With the exception of one British-based charity, the Halo Trust, which works clearing landmines, the only other Western presence are the observers from the Organisation for Security and Co-Operation in Europe (OSCE). So when the engineers from Granger Telecom and British Telecom arrived in the capital, Grozny last year, they were a valuable commodity.
The five-year deal to install mobile phone and satellite links, of which the men were part, was worth pounds 200m to the Surrey firm.
At the time of the men's kidnap on 4 October, the company's chief executive, Ray Worth, said: "We undertook the contract with the knowledge [about the lack of security] and considered the the risks were worth the effort."
But the men were valuable in another way. They were also a direct source of information for a government that was unable to use its own people.
The Independent has learnt that Granger Telecom first met Foreign Office officials in July last year. At the meeting in central London a number of issues were discussed, including the nature of the work the company and its employees Darren Hickey, 26, Rudolf Petschi, 42, Stanley Shaw, 58 and self- employed BT contractor Peter Kennedy, 46, were carrying out.
The official advice to the company and other Britons considering travelling to the Caucuses republic, torn apart by an 18-month war with Russia, was clear: don't go. Chechnya is one of a dozen countries listed as being too dangerous to travel to under any circumstances. The Foreign Office insists it made this clear to Granger.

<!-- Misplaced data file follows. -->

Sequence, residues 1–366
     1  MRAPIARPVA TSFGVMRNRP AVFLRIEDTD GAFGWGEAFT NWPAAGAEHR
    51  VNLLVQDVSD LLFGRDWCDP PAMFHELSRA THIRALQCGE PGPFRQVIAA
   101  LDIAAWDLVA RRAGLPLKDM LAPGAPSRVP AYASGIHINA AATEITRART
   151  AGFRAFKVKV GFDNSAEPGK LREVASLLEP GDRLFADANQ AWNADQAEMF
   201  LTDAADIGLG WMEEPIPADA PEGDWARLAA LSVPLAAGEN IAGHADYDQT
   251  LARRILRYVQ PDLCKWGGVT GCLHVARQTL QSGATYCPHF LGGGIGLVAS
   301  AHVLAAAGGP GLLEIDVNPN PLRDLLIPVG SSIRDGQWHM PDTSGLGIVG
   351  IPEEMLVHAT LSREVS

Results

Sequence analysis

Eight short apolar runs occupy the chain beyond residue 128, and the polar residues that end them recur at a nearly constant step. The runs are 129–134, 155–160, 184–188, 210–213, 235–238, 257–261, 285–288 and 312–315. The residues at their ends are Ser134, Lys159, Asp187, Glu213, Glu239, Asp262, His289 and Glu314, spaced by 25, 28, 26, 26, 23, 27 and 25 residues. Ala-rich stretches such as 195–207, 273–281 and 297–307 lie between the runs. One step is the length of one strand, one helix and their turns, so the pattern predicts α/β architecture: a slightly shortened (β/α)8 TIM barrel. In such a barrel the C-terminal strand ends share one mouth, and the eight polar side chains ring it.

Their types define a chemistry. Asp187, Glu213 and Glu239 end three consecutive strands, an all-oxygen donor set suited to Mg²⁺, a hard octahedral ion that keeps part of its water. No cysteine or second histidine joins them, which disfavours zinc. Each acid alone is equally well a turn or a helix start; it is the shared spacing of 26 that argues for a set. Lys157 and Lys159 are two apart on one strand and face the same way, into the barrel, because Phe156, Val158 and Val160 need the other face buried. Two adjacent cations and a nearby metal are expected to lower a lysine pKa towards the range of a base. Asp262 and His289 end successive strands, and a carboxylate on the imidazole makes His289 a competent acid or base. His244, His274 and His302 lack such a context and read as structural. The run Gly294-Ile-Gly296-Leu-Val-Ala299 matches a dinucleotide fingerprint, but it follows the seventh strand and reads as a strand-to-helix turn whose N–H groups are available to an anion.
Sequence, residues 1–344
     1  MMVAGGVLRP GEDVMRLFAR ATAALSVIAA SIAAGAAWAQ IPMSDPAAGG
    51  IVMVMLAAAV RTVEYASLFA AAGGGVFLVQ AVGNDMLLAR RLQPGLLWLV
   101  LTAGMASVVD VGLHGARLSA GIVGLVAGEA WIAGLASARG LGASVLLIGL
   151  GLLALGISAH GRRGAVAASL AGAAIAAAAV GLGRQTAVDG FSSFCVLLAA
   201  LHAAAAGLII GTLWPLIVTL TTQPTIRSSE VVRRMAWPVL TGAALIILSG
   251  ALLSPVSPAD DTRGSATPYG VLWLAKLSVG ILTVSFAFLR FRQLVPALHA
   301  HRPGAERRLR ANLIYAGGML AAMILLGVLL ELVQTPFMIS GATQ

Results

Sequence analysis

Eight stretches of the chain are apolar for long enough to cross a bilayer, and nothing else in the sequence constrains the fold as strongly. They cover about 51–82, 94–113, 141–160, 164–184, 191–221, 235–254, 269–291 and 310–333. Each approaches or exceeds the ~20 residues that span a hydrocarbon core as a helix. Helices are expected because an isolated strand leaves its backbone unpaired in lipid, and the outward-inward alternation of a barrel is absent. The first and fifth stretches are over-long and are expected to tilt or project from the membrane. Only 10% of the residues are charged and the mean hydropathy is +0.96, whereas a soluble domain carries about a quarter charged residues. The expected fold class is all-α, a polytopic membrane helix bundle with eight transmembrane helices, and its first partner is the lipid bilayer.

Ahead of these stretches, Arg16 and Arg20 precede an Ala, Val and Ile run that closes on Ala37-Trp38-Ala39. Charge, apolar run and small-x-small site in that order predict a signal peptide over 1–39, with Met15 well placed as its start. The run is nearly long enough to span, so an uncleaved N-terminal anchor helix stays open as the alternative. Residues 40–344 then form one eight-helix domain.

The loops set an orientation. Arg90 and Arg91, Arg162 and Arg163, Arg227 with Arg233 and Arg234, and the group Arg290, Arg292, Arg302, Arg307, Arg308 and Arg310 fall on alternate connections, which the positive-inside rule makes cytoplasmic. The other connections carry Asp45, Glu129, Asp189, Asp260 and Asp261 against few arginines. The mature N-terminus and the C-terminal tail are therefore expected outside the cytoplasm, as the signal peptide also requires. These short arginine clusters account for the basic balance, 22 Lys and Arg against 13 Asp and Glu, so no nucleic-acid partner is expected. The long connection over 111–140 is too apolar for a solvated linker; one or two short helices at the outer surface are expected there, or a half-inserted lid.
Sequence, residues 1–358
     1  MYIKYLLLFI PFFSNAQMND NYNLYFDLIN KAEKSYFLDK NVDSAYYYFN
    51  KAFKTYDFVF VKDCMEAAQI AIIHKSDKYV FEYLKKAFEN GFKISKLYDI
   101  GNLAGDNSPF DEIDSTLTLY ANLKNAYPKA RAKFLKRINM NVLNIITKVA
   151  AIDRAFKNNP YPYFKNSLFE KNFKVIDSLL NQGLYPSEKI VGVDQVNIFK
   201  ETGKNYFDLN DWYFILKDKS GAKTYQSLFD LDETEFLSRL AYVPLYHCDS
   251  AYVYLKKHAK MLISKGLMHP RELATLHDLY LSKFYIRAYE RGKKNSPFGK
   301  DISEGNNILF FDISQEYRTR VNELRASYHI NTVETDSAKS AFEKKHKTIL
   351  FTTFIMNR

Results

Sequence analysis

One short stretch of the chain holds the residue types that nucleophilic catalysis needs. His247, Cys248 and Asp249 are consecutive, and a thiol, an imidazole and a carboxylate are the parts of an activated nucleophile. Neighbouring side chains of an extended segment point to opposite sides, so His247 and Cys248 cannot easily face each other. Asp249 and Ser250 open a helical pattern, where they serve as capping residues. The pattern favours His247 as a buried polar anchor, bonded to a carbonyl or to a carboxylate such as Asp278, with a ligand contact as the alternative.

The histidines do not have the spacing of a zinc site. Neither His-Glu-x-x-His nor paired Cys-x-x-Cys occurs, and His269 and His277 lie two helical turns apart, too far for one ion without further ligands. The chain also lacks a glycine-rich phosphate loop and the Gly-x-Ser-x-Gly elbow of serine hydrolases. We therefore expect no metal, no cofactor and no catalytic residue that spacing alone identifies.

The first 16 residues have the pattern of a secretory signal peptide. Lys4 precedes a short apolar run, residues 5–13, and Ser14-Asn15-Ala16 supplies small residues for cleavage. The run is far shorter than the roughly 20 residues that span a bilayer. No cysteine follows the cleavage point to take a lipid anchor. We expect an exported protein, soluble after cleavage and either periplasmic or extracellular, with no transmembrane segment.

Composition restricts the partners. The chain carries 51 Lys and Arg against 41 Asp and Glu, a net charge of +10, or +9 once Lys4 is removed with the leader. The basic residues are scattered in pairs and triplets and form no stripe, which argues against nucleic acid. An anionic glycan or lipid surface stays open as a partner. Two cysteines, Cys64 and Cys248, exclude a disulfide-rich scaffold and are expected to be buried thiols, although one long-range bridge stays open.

But at the same time it was desperately trying to secure the release of two charity workers, Camilla Carr and Jon James, who were taken hostage while working in Grozny in the summer of 1997.
Information about the pair was scant although the kidnappers made some communication with the authorities about a possible ransom. While the Foreign Office was obtaining information from the OSCE office and the Russians, who still have some presence in Grozny, it was keen to obtain other news about the pair.
It is now clear it was also prepared to take any information the engineers could provide. In a letter to Granger from the Foreign Office's Eastern Division dated 13 August, a desk officer wrote: "As part of our efforts to secure the safe release of Camilla Carr and Jon James we have had frequent, if so far, relatively unproductive contacts with the Chechen leadership." It continues: "As one of the very small number of British companies involved in Chechnya and having first-hand knowledge of Grozny we would welcome your views on the potential for international investment in Chechnya."
It also asks for the company's views on its contacts - who it considered to be the "movers and shakers". It then adds: "Finally we would also like to discuss the Carr and James case. Is there anything else that we might be doing to secure their release?"
Last night a Foreign Office spokesman defended its request to the company and said it was only trying to secure the release of Mr James and Ms Carr and was not interested in the information for any other reason.
"There is nothing wrong with this, we would have asked other companies as well," said a spokesman. "It is not spying."
While the spokesman confirmed that the information would have been examined by groups trying to secure the release of the hostages, he refused to say whether it would have been passed to the security services.
On 20 September, Ms Carr and Mr James were released by the hostage- takers and returned to Britain.
The four engineers were not to be so lucky. Within weeks of their arrival in Chechnya, they too were taken hostage. For two months there was little word on them and then on 8 December, their decapitated heads were discovered 40 miles from Grozny.Reuse content